Wreckage of plane with 22 on board found in Nepal mountains
The wreckage of a plane carrying 22 people that disappeared in Nepal’s mountains was found Monday scattered on a mountainside, the army said. There was no word on survivors.
The Tara Air turboprop Twin Otter was on a 20-minute flight Sunday when it the lost contact with the airport tower while flying in an area of deep river gorges and mountaintops just before it was scheduled to land.
The army said the plane crashed in Sanosware in Mustang district close to the mountain town of Jomsom where it was heading after taking off from from the resort town of Pokhara, 200 kilometers (125 miles) west of Kathmandu.
An aerial photo the army posted on Twitter of the crash site showed parts of the aircraft scattered around the mountainside.
No other details were given.
The search for the plane had been suspended due to bad weather and darkness Sunday night but resumed Monday.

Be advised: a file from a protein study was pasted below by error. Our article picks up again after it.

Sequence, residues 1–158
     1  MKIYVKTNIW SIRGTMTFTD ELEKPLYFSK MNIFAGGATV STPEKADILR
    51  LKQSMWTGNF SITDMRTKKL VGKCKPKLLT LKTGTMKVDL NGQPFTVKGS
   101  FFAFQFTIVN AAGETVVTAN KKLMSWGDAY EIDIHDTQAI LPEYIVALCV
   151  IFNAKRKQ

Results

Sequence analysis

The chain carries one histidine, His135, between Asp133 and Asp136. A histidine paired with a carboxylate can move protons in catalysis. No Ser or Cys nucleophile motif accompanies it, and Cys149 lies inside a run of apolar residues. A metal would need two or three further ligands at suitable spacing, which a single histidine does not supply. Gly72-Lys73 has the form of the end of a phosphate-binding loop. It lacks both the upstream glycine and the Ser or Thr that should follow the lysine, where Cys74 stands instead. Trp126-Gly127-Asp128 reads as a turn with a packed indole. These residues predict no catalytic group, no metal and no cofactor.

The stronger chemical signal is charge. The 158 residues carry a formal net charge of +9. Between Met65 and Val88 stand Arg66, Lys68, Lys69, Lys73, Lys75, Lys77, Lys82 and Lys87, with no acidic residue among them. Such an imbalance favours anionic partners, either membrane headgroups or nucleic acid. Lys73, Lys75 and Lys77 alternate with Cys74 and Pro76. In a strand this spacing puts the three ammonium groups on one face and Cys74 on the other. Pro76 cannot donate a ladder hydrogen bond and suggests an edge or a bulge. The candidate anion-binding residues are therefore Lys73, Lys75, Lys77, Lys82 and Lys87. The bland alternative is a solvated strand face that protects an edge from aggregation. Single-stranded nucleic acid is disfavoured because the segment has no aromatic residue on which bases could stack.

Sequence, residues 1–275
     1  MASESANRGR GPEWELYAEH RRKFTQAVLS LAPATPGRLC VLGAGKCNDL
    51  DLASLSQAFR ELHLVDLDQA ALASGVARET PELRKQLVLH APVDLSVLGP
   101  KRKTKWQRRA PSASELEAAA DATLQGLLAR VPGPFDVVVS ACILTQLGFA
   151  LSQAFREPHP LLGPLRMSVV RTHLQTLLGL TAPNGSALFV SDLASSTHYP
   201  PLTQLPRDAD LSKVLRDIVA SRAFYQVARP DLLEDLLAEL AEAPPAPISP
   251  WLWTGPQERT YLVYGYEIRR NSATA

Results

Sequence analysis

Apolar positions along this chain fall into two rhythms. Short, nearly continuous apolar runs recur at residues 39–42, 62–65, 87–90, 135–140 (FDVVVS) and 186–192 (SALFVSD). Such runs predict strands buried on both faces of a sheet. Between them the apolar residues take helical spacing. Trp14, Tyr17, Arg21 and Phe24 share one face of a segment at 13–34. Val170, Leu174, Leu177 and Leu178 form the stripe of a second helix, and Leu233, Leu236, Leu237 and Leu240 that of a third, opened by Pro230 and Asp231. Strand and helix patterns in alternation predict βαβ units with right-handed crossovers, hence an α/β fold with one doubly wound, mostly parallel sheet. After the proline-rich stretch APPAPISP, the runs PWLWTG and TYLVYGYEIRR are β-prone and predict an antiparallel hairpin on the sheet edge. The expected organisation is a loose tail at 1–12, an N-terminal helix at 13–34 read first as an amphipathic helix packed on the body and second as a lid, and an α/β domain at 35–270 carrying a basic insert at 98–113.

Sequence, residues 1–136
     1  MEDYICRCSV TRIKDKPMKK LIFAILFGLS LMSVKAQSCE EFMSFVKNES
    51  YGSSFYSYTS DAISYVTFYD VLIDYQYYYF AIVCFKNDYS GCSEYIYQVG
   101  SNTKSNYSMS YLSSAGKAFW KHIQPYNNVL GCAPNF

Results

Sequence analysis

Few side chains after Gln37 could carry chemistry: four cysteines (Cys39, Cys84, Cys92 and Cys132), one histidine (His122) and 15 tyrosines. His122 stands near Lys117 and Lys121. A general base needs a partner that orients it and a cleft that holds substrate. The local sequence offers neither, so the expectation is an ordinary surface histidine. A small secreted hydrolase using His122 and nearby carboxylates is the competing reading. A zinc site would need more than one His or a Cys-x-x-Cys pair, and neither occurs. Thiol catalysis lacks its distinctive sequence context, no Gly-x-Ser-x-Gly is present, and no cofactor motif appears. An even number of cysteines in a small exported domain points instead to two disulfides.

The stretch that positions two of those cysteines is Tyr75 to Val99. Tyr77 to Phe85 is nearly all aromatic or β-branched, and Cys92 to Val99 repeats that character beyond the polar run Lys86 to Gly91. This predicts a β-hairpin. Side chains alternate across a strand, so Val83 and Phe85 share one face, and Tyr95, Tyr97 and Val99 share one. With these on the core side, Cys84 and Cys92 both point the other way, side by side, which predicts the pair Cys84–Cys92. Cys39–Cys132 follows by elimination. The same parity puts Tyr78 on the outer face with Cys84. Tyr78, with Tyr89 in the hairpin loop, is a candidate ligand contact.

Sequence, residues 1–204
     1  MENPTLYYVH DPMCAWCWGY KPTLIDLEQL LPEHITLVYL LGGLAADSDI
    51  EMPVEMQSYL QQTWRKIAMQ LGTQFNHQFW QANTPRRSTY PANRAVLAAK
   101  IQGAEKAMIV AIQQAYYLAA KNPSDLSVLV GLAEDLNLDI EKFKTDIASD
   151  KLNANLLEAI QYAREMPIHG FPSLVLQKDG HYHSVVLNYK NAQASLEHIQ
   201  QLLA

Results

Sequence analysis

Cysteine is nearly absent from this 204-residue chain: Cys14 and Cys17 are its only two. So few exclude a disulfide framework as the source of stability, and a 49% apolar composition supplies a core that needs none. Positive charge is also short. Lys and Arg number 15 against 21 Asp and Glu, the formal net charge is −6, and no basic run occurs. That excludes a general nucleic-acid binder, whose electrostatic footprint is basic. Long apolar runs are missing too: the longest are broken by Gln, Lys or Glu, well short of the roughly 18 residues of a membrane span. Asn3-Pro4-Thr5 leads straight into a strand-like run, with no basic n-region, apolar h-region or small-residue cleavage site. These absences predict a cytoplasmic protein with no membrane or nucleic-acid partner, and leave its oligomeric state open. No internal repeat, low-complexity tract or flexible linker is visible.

According to tracking data from flightradar24.com, the 43-year-old aircraft took off from Pokhara at 9:55 a.m. (04:10 GMT) and transmitted its last signal at 10:07 a.m. (04:22 GMT) at an altitude of 12,825 feet (3,900 meters).
Four Indians and two Germans were on the plane. The three crew members and other passengers were Nepali nationals.
The plane’s destination is popular with foreign hikers who trek the mountain trails and also with Indian and Nepalese pilgrims who visit the revered Muktinath temple.
The Twin Otter, a rugged plane originally built by Canadian aircraft manufacturer De Havilland, has been in service in Nepal for about 50 years, during which it has been involved in about 21 accidents, according to aviationnepal.com.
The plane, with its top-mounted wing and fixed landing gear, is prized for its durability and its ability to take off and land on short runways.
Production of the planes originally ended in the 1980s. Another Canadian company, Viking Air, brought the model back into production in 2010.